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A framework for serving and evaluating LLM routers - save LLM costs without compromising quality!

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RouteLLM

RouteLLM is a framework for serving and evaluating LLM routers.

[ Blog ] [ Paper ]

Our core features include:

  • Drop-in replacement for OpenAI's client (or launch an OpenAI-compatible server) to route simpler queries to cheaper models.
  • Trained routers are provided out of the box, which we have shown to reduce costs by up to 85% while maintaining 95% GPT-4 performance on widely-used benchmarks like MT Bench.
  • Benchmarks also demonstrate that these routers achieve the same performance as commercial offerings while being >40% cheaper.
  • Easily extend the framework to include new routers and compare the performance of routers across multiple benchmarks.

Installation

From PyPI

pip install "routellm[serve,eval]"

From source

git clone https://github.com/lm-sys/RouteLLM.git
cd RouteLLM
pip install -e .[serve,eval]

Quickstart

Let's walkthrough replacing an existing OpenAI client to route queries between LLMs instead of using only a single model.

  1. First, let's replace our OpenAI client by initializing the RouteLLM controller with the mf router. By default, RouteLLM will use the best-performing config:
import os
from routellm.controller import Controller

os.environ["OPENAI_API_KEY"] = "sk-XXXXXX"
# Replace with your model provider, we use Anyscale's Mixtral here.
os.environ["ANYSCALE_API_KEY"] = "esecret_XXXXXX"

client = Controller(
  routers=["mf"],
  strong_model="gpt-4-1106-preview",
  weak_model="anyscale/mistralai/Mixtral-8x7B-Instruct-v0.1",
)

Above, we pick gpt-4-1106-preview as the strong model and anyscale/mistralai/Mixtral-8x7B-Instruct-v0.1 as the weak model, setting the API keys accordingly. You can route between different model pairs or providers by updating the model names as described in Model Support.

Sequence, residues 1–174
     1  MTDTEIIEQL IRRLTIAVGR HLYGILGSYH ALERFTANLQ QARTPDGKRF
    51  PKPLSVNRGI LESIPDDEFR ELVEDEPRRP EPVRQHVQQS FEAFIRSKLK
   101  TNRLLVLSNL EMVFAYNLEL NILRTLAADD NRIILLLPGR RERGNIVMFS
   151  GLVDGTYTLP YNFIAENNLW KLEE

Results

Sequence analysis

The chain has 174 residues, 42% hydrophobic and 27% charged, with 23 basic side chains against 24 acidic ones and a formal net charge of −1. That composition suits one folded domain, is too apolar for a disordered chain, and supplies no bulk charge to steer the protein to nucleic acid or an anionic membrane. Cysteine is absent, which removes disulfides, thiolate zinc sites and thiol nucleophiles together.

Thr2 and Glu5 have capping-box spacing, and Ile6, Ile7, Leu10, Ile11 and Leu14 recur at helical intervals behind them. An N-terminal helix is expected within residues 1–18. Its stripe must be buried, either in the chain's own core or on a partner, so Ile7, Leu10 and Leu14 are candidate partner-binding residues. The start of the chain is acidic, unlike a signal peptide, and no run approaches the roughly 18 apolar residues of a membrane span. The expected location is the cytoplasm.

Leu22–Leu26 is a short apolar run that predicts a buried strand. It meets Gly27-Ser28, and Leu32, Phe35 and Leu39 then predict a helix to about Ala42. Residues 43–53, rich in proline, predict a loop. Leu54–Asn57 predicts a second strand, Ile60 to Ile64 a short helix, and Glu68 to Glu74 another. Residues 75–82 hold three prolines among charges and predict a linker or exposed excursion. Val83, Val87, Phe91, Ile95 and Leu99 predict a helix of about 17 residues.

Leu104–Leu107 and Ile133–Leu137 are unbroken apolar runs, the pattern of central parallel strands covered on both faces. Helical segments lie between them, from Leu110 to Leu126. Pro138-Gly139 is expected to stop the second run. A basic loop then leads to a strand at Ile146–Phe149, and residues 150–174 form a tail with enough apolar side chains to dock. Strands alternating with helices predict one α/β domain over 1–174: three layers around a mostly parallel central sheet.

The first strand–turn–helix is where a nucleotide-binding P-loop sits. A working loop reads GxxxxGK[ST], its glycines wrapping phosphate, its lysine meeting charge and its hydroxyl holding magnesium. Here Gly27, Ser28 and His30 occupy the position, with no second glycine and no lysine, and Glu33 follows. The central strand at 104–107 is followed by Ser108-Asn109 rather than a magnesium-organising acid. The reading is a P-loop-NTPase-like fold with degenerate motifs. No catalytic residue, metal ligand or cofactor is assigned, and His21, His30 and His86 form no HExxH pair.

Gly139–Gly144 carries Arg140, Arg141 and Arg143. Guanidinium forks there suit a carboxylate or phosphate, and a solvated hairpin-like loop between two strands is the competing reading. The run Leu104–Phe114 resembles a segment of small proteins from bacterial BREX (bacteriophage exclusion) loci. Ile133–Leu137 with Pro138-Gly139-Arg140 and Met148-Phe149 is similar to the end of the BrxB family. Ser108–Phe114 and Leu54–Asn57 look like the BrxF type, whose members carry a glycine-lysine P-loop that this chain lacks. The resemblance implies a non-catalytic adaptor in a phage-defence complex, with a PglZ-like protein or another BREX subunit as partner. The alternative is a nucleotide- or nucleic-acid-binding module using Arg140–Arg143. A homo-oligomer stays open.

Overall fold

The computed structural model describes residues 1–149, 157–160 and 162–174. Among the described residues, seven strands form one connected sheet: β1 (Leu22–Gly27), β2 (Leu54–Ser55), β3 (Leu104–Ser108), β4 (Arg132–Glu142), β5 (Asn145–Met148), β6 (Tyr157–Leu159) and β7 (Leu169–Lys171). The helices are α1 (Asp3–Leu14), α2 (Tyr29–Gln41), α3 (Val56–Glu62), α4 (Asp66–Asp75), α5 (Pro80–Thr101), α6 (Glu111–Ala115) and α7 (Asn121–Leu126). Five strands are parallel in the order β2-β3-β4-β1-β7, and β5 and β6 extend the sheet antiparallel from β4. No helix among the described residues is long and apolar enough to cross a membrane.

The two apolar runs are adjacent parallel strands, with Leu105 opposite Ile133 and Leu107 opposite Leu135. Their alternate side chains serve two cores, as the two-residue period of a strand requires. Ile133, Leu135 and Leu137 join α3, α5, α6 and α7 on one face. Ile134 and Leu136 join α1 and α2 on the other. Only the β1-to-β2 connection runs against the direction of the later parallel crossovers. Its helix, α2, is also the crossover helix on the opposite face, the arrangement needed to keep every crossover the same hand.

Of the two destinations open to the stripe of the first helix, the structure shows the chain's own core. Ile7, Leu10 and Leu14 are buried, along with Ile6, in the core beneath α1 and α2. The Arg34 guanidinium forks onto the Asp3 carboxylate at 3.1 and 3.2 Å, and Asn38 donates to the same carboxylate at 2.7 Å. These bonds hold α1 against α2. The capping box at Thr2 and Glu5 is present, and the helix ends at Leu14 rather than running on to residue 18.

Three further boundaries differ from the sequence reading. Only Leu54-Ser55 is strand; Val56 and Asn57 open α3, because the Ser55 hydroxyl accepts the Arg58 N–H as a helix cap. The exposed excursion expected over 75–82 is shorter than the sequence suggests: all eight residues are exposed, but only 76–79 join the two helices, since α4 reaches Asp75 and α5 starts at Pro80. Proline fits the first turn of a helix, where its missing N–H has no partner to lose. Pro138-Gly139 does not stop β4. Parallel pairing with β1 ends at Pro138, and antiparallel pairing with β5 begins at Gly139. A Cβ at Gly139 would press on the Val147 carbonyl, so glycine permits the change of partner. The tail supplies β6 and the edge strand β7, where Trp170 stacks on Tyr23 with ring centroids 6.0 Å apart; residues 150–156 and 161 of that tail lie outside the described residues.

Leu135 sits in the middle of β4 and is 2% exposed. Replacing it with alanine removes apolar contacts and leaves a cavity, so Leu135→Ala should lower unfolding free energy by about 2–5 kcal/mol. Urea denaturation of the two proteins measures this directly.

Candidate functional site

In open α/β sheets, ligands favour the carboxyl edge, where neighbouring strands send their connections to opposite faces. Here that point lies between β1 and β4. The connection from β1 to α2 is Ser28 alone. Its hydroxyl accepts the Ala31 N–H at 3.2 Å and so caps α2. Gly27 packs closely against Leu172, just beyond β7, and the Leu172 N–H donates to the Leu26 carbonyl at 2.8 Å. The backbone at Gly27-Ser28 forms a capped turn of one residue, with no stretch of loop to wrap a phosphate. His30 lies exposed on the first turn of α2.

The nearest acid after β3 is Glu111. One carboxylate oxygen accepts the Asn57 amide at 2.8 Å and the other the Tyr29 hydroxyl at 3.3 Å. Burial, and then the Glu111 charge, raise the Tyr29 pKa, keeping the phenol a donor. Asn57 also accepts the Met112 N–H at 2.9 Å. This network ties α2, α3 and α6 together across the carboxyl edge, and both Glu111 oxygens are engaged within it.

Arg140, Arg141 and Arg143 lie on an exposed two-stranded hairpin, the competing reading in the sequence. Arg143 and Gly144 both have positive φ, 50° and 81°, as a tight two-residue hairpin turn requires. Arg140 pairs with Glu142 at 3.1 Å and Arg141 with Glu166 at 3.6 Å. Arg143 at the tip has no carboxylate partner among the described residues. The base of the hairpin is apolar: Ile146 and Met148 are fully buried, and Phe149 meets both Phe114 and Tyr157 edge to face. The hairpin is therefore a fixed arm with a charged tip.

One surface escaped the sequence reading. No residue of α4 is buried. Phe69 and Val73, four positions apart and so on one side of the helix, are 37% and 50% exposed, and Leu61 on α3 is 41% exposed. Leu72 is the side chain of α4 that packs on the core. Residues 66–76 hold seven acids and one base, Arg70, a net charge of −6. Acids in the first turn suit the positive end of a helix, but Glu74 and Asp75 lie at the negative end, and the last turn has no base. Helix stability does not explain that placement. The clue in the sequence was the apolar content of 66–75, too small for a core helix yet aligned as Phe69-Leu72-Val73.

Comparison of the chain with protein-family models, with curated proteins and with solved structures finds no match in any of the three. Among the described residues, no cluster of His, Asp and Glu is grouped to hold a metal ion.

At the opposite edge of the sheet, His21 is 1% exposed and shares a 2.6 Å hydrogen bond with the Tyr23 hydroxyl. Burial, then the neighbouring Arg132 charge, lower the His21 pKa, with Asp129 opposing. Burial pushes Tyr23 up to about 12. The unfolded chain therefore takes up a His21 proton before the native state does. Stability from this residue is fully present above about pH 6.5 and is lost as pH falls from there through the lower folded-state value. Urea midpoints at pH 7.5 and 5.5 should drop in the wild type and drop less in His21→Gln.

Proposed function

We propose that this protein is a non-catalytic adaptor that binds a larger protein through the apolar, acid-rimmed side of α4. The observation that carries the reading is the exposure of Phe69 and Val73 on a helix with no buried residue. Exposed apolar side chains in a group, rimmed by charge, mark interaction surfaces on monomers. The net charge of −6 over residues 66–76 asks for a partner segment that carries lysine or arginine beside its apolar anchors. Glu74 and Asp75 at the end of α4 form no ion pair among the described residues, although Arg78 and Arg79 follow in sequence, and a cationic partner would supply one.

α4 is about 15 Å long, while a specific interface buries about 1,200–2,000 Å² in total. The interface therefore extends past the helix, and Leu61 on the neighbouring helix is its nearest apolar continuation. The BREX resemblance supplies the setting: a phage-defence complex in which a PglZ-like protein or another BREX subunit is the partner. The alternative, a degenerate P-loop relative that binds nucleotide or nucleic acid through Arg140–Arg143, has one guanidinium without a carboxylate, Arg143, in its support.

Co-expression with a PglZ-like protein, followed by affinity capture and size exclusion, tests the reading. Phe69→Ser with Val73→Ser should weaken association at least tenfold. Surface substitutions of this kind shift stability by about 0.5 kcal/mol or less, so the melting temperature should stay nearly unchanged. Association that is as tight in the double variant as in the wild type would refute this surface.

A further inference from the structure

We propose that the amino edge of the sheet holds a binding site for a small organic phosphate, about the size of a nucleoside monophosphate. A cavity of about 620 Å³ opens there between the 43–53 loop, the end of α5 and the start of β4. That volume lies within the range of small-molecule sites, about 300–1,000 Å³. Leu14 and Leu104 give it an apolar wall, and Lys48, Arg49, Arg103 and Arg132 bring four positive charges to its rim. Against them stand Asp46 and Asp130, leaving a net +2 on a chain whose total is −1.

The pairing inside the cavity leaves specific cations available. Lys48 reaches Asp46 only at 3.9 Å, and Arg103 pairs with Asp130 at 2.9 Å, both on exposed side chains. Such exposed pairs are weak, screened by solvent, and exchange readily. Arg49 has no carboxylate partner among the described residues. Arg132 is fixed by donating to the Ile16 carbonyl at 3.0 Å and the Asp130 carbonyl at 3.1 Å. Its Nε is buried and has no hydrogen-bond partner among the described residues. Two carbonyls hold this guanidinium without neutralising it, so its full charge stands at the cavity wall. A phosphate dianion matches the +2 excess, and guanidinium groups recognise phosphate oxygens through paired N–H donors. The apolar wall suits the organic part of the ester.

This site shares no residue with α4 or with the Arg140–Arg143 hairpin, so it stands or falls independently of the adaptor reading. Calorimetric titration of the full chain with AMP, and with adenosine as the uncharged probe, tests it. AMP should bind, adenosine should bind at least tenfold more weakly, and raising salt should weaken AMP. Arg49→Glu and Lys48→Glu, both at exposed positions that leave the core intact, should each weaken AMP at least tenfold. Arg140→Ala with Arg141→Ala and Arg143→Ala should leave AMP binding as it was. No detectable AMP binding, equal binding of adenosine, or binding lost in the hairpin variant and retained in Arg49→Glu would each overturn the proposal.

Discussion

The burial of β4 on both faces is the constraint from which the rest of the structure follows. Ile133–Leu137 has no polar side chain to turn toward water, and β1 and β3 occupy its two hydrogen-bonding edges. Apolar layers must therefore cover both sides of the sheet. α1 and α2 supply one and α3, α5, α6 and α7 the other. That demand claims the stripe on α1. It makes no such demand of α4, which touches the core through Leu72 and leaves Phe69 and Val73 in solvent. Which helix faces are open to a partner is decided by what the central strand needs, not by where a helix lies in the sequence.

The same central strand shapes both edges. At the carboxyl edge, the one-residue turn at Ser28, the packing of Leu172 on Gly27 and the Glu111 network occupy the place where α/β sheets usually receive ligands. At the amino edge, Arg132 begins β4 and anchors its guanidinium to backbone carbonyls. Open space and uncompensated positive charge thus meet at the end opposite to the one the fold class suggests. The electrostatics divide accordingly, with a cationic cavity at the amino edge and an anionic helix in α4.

Want to route to local models? Check out Routing to Local Models.

  1. Each routing request has a cost threshold that controls the tradeoff between cost and quality. We should calibrate this based on the types of queries we receive to maximize routing performance. As an example, let's calibrate our threshold for 50% GPT-4 calls using data from Chatbot Arena.
> python -m routellm.calibrate_threshold --routers mf --strong-model-pct 0.5 --config config.example.yaml
For 50.0% strong model calls for mf, threshold = 0.11593

This means that we want to use 0.11593 as our threshold so that approximately 50% of all queries (those that require GPT-4 the most) will be routed to it (see Threshold Calibration for details).

  1. Now, let's update the model field when we generate completions to specify the router and threshold to use:
response = client.chat.completions.create(
  # This tells RouteLLM to use the MF router with a cost threshold of 0.11593
  model="router-mf-0.11593",
  messages=[
    {"role": "user", "content": "Hello!"}
  ]
)

That's it! Now, requests with be routed between the strong and weak model depending on what is required, saving costs while maintaining a high quality of responses.